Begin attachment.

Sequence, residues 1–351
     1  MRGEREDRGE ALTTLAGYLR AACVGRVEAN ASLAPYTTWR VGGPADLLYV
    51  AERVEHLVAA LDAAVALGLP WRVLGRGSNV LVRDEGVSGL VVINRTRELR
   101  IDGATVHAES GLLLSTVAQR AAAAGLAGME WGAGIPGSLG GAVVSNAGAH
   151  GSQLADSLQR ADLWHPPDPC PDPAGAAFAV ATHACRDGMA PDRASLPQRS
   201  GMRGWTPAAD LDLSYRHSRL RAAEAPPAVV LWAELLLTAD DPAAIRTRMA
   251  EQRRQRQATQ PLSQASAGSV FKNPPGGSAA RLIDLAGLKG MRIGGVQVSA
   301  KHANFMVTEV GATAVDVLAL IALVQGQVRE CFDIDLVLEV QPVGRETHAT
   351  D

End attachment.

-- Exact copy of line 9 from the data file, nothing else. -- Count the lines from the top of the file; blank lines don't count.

   351  D